Why Boys Don’t Play With Dolls
Pollitt, an award-winning poet, is also well known as a liberal essayist for The Nation. She contends that much of her writing argues for "women's entitlement to full human rights," and this essay, "Why Boys Don't Play with Dolls,” certainly was written in that vein. She has a well-deserved reputation for dismantling bad arguments by exposing the faulty logic and poor use of evidence of many of today's' cultural critics. This piece, first published in the New York Times Magazine, is too short for Pollitt's usual detailed examination of evidence. It relies, instead, largely on her reputation as a careful researcher. So Pollitt may not expect to persuade hostile readers to change their minds on the basis of this one essay. But she does expect readers to recognize that what we take for common sense-in this case, the belief that there are innate differences between the sexes-might be ridiculous. Sex roles, she argues, are determined by culture. This piece, like many of her other essays, fights the backlash against feminism. you might begin analyzing this essay by considering Pollitt’s exhortation in the final two paragraphs. _____________________________________________________________________________________________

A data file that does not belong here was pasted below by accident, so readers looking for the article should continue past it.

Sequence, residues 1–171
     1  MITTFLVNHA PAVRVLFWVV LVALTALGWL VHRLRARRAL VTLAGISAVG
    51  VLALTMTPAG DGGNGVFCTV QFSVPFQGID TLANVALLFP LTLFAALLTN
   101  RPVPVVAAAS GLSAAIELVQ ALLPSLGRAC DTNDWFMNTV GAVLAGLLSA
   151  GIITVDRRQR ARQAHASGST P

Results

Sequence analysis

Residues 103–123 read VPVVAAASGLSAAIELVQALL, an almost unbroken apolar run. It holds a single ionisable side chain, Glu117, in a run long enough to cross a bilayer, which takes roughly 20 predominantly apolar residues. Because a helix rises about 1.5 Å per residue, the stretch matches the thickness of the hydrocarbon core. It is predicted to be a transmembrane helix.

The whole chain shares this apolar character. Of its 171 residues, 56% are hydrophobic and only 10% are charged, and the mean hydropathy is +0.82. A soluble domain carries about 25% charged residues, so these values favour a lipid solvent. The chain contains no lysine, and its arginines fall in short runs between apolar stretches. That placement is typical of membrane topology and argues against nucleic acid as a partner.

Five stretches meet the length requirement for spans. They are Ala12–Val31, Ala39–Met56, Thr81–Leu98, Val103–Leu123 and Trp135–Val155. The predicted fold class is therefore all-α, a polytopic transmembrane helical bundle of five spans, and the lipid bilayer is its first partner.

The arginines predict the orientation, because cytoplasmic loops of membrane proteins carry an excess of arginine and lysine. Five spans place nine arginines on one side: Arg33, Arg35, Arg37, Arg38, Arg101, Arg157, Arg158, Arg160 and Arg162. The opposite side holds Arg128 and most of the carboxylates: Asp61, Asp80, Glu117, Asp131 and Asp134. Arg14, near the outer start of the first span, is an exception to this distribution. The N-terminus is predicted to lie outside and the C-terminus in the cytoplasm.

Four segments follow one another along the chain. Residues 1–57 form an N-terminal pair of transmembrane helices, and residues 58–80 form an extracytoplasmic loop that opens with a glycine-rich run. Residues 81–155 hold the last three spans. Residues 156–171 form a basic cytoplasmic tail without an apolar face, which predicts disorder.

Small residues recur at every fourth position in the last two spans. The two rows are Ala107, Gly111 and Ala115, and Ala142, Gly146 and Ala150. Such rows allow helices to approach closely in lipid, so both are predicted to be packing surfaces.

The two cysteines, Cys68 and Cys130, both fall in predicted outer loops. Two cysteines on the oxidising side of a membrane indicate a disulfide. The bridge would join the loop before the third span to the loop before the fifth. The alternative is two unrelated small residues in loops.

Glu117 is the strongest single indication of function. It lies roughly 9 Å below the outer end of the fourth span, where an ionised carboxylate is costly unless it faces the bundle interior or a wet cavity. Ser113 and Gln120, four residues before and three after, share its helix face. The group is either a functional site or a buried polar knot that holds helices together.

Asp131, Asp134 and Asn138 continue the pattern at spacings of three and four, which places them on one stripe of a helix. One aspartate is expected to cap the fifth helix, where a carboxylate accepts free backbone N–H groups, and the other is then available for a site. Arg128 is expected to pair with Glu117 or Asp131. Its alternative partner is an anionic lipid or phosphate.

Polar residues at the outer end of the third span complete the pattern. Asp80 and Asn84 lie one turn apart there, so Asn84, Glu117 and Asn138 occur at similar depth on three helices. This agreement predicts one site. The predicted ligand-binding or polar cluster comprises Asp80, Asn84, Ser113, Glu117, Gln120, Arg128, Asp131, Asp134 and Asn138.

It's 28 years since the founding of NOW (the National Organization for Women), and boys still like trucks and girls still like dolls. Increasingly, we are told that the source of these robust preferences must lie outside society-in prenatal hormonal influences, brain chemistry, genes-and that feminism has reached its natural limits. What else could possibly explain the love of preschool girls for party dresses or the desire of toddler boys to own more guns than Mark from Michigan. True, recent studies claim to show small cognitive differences between the sexes: he gets around by orienting himself in space, she does it by remembering landmarks. Time will tell if any deserve the hoopla with which...
Please join StudyMode to read the full document